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Sitting on the back of Armida in the afternoon.  Some clouds have materialized to take the sting out of the August sun but we are on the water with a lovely green area at the back of many old stone homes.  A young German man just came from his garden to say hello.  They have this home for holidays.  We told him we met two men from Amsterdam this morning while we were all walking our dogs.  They live here year round.  Of course he knew them and said, “small town”.   And that it is.  Maybe 50 homes 2/3 of which are 16th and 17th century, all pristine.  It’s obviously popular with the money people, but has no shops.  Only one small family fun bar/cafe and the Mayors building.  A van comes through every AM selling eggs, baguettes and croissants.  Up the hill past the 13th century church, and lavoir (wash house) with an unusual oval pool, is the Chateau  de Ray sur Saone.  Once the largest fortress in this area of France.  Built in the 12th century and as frequently happens was destroyed in the early 17th century and totally rebuilt as an imposing but charming chateau with expansive gardens with magnificent trees from around the world and fabulous views.  It has stayed in the same family, 35 generations until the Chateau and grounds were donated to the region in 2015. The well maintained grounds are open to all for free but the inside of the building is only open for tours Thurs-Sat.  So another time.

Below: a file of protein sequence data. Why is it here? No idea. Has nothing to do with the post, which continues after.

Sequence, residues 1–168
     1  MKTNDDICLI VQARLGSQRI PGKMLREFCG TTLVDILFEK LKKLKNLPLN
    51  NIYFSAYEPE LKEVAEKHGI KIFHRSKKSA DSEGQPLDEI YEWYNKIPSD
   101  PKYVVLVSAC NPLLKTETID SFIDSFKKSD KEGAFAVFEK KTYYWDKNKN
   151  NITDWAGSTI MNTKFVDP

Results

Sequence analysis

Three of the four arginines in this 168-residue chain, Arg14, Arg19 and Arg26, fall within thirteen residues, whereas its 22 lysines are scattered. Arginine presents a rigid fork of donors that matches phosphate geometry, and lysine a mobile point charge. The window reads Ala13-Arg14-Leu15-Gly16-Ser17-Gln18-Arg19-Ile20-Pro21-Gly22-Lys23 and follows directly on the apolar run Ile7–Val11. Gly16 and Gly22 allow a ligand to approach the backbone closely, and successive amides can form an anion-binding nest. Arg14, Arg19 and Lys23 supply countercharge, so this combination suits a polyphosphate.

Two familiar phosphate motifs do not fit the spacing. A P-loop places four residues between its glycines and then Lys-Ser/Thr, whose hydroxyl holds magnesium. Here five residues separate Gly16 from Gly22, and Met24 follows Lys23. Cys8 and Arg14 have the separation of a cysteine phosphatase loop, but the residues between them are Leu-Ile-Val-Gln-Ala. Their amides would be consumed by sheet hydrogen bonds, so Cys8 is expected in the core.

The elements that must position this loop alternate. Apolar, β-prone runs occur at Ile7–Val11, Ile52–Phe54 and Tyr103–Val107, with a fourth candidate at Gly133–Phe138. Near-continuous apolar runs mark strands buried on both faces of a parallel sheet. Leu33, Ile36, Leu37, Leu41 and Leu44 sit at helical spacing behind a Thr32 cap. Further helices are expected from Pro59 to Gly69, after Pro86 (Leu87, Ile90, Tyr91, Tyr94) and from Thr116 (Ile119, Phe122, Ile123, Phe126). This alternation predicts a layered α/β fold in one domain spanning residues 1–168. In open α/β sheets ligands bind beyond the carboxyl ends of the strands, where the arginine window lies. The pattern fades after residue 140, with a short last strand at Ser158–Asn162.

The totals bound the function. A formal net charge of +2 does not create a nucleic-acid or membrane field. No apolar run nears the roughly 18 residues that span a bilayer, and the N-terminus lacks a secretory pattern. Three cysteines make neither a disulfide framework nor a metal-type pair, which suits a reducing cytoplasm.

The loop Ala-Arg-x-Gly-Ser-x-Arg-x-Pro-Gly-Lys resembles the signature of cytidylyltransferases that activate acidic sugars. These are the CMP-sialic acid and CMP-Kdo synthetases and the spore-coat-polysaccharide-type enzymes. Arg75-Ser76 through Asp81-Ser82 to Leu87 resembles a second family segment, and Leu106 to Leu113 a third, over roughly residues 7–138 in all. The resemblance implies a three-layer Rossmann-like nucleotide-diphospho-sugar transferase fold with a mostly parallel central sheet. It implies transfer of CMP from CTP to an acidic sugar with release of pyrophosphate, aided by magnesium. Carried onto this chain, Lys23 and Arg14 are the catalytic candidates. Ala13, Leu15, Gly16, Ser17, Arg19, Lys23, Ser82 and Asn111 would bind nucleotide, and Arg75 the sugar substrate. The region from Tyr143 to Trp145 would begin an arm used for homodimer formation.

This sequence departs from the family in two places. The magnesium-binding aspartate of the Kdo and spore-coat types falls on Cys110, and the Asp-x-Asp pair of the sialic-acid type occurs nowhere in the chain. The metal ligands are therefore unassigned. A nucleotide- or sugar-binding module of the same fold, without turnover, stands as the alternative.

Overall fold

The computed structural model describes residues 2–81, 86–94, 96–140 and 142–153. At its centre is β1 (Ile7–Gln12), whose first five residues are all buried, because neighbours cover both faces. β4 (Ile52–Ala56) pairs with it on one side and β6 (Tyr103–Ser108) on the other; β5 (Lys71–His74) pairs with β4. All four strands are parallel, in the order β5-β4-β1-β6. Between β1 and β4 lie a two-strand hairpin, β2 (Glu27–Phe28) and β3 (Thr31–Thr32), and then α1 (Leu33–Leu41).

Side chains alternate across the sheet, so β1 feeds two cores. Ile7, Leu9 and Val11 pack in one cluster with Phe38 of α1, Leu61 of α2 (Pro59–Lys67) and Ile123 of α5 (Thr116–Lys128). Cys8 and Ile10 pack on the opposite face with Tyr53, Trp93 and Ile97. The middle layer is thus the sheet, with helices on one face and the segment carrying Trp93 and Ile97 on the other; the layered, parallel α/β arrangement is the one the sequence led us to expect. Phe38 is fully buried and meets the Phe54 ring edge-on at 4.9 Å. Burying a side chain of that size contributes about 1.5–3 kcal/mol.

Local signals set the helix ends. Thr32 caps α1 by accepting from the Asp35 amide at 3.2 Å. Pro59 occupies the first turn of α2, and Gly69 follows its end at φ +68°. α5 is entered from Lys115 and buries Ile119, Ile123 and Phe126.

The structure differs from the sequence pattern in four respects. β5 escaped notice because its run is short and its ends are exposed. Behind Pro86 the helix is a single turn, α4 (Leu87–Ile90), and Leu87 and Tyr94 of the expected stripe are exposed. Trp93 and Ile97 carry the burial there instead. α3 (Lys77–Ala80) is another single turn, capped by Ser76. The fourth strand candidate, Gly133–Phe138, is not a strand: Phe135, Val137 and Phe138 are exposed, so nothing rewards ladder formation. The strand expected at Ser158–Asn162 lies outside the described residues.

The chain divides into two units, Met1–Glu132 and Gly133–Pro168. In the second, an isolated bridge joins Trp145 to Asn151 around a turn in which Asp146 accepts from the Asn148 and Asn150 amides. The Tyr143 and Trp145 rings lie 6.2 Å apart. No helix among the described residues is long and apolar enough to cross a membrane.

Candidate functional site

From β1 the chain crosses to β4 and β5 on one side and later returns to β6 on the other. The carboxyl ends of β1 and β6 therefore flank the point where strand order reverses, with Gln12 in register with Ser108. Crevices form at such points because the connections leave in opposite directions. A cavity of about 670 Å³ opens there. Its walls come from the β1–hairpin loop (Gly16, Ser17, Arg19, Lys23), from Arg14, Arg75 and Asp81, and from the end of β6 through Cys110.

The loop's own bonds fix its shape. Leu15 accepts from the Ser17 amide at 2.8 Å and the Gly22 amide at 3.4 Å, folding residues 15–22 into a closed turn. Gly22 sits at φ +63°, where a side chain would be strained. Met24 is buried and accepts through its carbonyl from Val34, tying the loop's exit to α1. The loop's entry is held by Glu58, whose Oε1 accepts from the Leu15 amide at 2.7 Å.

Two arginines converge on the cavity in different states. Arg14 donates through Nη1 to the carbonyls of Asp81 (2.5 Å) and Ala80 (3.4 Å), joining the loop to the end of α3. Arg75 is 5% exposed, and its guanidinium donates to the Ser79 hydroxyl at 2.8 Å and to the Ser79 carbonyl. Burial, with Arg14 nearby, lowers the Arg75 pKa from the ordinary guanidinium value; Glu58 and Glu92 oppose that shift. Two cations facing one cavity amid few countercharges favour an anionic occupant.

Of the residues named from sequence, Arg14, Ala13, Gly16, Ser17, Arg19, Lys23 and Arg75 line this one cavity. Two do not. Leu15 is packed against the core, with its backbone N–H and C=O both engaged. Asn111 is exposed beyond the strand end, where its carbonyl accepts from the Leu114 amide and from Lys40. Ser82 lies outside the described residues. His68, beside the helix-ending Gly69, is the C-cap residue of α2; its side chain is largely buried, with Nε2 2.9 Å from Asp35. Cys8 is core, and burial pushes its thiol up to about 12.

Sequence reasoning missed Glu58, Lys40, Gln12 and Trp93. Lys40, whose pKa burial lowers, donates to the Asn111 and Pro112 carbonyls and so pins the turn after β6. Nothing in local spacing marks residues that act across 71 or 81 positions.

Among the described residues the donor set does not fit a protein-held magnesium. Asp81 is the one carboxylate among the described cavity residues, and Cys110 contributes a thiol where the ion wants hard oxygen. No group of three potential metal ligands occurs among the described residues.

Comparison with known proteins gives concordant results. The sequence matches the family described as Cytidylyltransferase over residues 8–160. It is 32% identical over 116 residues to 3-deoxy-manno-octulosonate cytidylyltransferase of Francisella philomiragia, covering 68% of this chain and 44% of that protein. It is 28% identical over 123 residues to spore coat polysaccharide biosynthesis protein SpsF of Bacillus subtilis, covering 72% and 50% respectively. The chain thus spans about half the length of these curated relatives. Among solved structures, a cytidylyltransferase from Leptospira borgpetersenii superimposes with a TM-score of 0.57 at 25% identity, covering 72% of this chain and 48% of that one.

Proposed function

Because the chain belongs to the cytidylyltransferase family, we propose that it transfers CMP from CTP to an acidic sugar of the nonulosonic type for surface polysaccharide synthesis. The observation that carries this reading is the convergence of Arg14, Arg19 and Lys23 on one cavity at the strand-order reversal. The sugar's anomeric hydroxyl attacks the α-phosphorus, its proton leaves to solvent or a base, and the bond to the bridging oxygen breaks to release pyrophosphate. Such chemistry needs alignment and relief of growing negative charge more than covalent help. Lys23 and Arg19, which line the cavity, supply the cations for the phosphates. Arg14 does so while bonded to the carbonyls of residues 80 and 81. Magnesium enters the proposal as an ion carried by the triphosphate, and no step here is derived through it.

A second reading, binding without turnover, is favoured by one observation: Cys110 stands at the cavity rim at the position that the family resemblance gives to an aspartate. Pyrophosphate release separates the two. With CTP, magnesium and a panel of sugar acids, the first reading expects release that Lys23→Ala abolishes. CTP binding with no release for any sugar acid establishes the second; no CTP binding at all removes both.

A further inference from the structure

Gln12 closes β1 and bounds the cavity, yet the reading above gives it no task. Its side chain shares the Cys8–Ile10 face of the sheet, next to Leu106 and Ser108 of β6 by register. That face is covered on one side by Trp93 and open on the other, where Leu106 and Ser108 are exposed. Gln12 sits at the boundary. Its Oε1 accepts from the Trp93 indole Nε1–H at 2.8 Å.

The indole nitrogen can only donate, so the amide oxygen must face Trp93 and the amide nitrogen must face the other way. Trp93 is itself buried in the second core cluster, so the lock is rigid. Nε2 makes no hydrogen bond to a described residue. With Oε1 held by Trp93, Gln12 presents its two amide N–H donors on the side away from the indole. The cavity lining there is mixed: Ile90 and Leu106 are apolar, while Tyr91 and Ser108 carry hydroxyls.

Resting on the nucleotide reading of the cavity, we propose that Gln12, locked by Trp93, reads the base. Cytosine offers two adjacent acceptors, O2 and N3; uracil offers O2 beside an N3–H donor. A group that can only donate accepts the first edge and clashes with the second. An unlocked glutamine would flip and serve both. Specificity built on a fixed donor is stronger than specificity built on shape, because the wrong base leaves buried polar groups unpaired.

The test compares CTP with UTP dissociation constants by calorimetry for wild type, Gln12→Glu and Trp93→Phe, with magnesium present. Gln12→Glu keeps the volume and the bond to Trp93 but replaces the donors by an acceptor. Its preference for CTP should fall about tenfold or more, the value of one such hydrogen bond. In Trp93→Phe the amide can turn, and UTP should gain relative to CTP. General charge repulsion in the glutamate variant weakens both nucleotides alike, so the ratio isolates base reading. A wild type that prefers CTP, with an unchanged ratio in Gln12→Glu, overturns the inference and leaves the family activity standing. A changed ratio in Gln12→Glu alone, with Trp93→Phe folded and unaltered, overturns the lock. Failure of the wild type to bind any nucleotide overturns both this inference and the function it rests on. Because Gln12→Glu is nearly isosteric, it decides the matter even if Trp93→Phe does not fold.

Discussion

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Yesterday and today we had a cute old man who lives here come peddling vegetables from his garden.  Yesterday we bought lettuce, baby carrots and chives.  Today raspberries and a big bag of skinny green beans.  We don’t need tomatoes as we bought many a few days ago at only 1.09 euro per kilo (2.2 pounds)  Couldn’t believe it.